An attempt to visit every suburb in Sydney.

This next suburb is another example of that weird poorly defined middle region of Sydney where the North meets the West .  Melrose Park

Mourning: Melrose Park

This next suburb is another example of that weird poorly defined middle region of Sydney where the North meets the West

Melrose Park

Last I left you, I was in rainy North Ryde. Well, after lunch the rain settled down, allowing me to hop on a bus west down Victoria Road.

This dropped me off here.

So let me tell you about Melrose Park. 

I grew up in Dundas, which is two suburbs away from here. A mainstay of childhood kindergarten birthday parties was going to Putt Putt. A few years ago, the land housing our beloved Putt Putt was sold to a property developer.

Putt Putt is now this.

First thoughts of the suburb:

Once I regained my composure, I was able to begin the suburb.

Passing the site of the incident, I headed south down Wharf Street.

On this street, you have one side of the road hosting fairly standard Aussie suburbia,

on the other side, the fallen comrade. 

Trying not to let the suburb's past cloud my judgement, I headed into the new development to see what I could see. 

Here I found not much of interest - some still in progress development,

a curly thing,

and some slippery stairs.

I'm sure the area will be nicer when it's done, but for now it can't hold a candle to 54 holes of fun.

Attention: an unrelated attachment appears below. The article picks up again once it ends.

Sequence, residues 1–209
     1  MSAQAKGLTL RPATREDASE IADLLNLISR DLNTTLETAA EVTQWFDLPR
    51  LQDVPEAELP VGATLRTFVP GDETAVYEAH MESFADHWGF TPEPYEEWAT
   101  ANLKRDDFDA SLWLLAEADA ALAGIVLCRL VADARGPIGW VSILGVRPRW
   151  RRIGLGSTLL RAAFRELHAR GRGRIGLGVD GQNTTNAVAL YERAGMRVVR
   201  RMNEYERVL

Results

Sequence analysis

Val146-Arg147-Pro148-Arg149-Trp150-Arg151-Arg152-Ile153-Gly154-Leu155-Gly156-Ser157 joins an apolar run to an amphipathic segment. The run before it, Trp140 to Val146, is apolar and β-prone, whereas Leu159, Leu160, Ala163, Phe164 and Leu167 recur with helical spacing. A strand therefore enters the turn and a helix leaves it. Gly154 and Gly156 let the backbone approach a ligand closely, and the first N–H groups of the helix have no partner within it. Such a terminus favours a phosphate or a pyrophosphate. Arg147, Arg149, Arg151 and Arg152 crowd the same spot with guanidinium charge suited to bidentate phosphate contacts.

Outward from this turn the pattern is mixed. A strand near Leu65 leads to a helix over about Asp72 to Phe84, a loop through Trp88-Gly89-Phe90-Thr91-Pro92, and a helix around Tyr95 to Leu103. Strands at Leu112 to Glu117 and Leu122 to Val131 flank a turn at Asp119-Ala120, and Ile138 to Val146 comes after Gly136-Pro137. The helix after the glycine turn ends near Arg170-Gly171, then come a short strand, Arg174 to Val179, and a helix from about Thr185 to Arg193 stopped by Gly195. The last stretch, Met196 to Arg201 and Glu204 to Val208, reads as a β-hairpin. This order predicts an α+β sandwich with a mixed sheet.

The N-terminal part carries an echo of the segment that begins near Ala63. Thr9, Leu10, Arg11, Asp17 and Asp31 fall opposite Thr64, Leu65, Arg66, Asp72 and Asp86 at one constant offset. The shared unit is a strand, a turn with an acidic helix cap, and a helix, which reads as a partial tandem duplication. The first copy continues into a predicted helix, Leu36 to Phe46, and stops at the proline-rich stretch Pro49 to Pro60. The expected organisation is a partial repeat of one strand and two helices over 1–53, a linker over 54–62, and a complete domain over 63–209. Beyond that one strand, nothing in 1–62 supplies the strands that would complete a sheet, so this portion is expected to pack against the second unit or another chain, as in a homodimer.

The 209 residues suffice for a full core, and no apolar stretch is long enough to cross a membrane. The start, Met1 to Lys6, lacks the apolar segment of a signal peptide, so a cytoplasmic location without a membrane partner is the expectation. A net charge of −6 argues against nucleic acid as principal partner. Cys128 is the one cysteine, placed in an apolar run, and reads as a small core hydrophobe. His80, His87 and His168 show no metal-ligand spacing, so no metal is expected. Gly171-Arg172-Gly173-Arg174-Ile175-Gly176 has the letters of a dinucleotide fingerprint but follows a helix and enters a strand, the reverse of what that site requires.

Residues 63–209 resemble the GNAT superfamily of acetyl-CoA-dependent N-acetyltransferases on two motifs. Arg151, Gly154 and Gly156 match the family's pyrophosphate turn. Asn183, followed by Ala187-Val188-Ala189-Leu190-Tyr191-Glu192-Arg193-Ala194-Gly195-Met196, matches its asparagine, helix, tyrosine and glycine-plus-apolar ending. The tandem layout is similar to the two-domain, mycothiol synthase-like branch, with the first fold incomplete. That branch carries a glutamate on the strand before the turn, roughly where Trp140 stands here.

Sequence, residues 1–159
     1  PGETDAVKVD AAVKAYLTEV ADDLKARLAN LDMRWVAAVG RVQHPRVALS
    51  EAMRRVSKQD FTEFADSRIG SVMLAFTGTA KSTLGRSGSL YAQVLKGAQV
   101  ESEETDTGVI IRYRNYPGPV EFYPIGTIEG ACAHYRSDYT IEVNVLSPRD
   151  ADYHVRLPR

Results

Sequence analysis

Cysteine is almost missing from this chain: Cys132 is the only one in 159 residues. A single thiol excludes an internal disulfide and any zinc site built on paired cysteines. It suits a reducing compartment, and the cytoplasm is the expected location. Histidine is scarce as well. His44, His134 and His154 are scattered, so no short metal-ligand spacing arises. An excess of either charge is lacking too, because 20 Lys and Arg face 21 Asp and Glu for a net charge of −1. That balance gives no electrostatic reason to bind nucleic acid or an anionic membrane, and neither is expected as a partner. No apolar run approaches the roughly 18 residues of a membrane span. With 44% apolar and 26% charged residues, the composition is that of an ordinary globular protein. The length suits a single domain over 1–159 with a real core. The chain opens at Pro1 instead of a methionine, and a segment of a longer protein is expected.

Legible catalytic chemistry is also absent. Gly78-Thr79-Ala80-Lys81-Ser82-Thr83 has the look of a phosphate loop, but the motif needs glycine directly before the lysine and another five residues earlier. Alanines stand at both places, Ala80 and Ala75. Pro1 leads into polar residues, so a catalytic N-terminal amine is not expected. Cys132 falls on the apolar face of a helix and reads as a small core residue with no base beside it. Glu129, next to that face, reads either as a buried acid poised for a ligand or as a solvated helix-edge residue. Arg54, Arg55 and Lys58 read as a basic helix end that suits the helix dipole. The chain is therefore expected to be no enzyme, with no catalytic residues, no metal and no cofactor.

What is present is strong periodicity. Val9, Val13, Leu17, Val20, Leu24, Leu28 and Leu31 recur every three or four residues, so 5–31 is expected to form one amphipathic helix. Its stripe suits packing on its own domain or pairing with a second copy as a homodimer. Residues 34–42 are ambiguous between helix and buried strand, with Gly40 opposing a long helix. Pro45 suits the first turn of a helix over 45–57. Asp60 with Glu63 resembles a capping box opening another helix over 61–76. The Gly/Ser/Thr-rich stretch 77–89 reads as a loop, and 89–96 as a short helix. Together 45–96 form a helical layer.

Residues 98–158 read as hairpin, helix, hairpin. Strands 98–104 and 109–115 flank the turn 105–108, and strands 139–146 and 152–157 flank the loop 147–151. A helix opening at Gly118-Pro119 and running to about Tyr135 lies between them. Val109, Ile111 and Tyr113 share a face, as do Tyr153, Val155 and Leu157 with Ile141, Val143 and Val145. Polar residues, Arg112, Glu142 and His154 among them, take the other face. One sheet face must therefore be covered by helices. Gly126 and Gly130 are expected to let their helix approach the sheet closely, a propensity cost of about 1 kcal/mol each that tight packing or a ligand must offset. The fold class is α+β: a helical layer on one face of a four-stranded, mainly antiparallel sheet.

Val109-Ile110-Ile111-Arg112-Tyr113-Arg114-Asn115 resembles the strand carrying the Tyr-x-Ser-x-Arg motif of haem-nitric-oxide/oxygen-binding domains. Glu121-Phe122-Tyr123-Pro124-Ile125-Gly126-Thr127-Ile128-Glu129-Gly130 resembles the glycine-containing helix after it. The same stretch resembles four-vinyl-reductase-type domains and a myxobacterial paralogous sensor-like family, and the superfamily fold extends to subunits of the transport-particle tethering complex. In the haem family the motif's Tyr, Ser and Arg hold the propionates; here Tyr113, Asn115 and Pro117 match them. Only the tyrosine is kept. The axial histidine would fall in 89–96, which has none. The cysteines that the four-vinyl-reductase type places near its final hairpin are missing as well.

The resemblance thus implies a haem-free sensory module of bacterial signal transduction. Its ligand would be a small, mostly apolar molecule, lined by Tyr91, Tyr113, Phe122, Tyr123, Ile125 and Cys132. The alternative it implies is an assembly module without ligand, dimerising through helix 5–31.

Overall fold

I headed back to Wharf Road and continued on. 

A similar trend continued here, with more classic Aussie suburbia on one side,

and industry on the other. 

For now, anyway.

This set up essentially continues all the way down,

with relatively modest houses on one side,

and doomed industry on the other. 

I'm not sure how many ways I can repeat the same thing. 

To change pace, the road also took me past the white picket fence of Melrose Park Public School,

notable for having the world's most nondescript school building in the history of nondescript school buildings. 

Somewhat (but not really) interestingly, in the distance the apartments of Wentworth Point can be seen, another reclaimed suburb full of apartments - although that one is further along than what's going on in Melrose Park. 

Carrying on through the suburban-industrial divide, 

I chose to indulge in some pure chaos,

before the industry ended, 

leading me to some greenspace before the Parramatta River. 

I chose not to head all the way to the river for this suburb, as my next suburb will take me there, so instead I took a pedestrian and cycle path parallel,

passing Australia's oil reserves,

and some lame sprouts. 

This is part of a network of paths along Parramatta River which I've visited in previous other posts in the neighbourhood (such as Rydalmere and Meadowbank). 

What you get here is a surprisingly lush walk,

neighbouring the aformentioned industry,
and leading to an elevated walkway over what I can only describe as "wetlands". 

Sadly, there seems to be a fair bit of rubbish on the ground below (but that could perhaps be due to the flooding quite recently before this visit).

Regardless, the walk is a great way for Melrose Park to redeem itself after losing its star tenant. 

After not too long, the path continued over the border into the next suburb.

Melrose Park: The obvious thing to do is to make a Melrose Place reference. Unfortunately, I've never seen that show (I was playing Putt Putt at the time.)

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